There has been a rash of pieces lately on industrial policy, rebalancing, growth and competitiveness, all discussing what the UK needs to do to move forward and shake off the shadow of the credit crisis.
Some claim manufacturing to be special, others that they have the silver bullet to kick start growth. What none really do is clarify the terms of the debate that we're having, to clean up the horrible mess of overused, broken and misunderstood terms that we keep flinging around. You say industrial policy and I say innovation policy, let's call the whole thing off.
So let's agree on one thing - we don't have a clear common language to discuss the needs of the economy, how its structure has changed and what weapons we have in policy to try to move ourselves forward. And this is not a semantic, ivory tower point.
If we have no common language we cannot have a sensible debate on the needs of the economy. Without this, we'll keep talking past one another, rehashing old and tired language on left versus right, manufacturing versus services, openness versus protectionism.
I do think that there is one common thread that we can and should start to build on and that is the interface between the public and the private sectors. The gross simplifications of the 80s, where government was to be removed completely and companies allowed to press bravely on, should not be replaced pendulum like with a similar swing to the public sector.
We need a strong dialogue and progressive relationship between the public and the private sectors, one that recognises the differences in goals and works to benefit both sides.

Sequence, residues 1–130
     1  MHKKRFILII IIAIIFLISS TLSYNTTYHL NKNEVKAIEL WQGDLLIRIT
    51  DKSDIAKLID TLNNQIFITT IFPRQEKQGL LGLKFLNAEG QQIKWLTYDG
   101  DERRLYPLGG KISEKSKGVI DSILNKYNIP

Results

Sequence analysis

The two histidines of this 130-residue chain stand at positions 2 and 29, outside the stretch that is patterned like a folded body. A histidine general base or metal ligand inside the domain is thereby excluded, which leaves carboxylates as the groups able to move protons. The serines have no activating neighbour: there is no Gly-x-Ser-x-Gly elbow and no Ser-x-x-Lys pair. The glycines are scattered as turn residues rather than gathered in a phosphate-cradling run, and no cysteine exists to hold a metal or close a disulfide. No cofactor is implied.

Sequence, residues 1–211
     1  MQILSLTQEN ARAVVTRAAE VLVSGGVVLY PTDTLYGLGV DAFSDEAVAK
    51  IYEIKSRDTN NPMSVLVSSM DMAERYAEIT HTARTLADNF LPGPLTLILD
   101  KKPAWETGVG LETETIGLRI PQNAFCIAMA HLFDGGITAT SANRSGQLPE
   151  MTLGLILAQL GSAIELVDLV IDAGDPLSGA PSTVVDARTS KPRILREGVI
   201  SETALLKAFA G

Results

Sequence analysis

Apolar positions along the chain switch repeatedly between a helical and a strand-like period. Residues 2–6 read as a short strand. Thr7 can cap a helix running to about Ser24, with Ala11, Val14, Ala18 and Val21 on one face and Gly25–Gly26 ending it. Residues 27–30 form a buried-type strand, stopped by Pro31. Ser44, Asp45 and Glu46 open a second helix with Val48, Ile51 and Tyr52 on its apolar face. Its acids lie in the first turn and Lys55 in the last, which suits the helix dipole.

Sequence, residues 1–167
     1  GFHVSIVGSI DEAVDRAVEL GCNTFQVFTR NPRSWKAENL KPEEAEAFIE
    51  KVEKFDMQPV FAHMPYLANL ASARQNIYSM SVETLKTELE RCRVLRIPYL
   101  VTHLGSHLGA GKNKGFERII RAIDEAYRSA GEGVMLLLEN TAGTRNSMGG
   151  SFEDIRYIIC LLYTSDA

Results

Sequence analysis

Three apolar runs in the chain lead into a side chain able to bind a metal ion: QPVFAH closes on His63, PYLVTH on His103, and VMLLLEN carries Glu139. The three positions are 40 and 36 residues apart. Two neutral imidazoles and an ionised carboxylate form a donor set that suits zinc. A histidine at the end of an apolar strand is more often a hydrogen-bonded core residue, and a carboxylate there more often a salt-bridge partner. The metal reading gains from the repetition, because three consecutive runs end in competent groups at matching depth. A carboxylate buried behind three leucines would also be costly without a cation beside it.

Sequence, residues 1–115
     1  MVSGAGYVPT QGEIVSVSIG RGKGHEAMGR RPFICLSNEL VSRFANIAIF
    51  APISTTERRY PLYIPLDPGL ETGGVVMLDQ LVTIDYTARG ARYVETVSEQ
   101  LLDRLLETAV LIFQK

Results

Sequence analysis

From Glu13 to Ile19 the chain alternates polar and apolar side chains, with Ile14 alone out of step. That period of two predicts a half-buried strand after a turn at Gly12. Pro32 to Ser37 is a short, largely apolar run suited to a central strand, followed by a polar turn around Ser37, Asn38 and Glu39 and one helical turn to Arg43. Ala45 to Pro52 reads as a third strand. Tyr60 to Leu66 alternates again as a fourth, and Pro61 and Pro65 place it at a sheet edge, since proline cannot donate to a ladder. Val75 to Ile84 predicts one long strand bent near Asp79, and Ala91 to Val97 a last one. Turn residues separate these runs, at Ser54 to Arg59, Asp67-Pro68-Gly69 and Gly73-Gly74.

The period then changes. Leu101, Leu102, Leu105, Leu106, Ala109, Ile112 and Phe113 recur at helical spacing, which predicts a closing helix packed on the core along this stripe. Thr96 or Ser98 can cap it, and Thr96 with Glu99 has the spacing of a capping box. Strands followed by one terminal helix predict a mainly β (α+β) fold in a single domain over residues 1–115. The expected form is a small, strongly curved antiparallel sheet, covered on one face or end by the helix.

This we have not had, with many companies viewing government as an impediment and some in government slightly fearful of the power of the companies to decide their fate. This is not about a protectionist agenda purely preferencing UK companies.
However, it is about recognising that government support can have different effects depending on whether it is provided to a UK based company or a multinational. It is about having a realistic conversation between both sides so that social goals re-enter the conversation. And finally it is about achieving the appropriate balance between public and private action to achieve the goals that both have.
The language on this debate is slowly changing, for example with Mariana Mazzucato's work emphasising how the private sector has depended on prior public sector investments in so many technology areas. But these more reasoned voices are still outnumbered.
A stronger debate on how to balance the work between the public and the private sector needs more progressive voices, more companies willing to be open to more than quarterly returns and more politicians to be stronger on the role of government in technology development, innovation and growth.
It is only be acknowledging that both sides need each other that we have a chance to achieve growth again. Let's hope that we all are mature enough to have that conversation and not be sucked back into the thrall of long dead economists.
This is a guest blog written by Dr Finbarr Livesey, Director of the Centre for Industry and Government at the IfM, University of Cambridge. It first appeared in the blog: Incredulous of Cambridge at incredulousofcambridge.blogspot.com.
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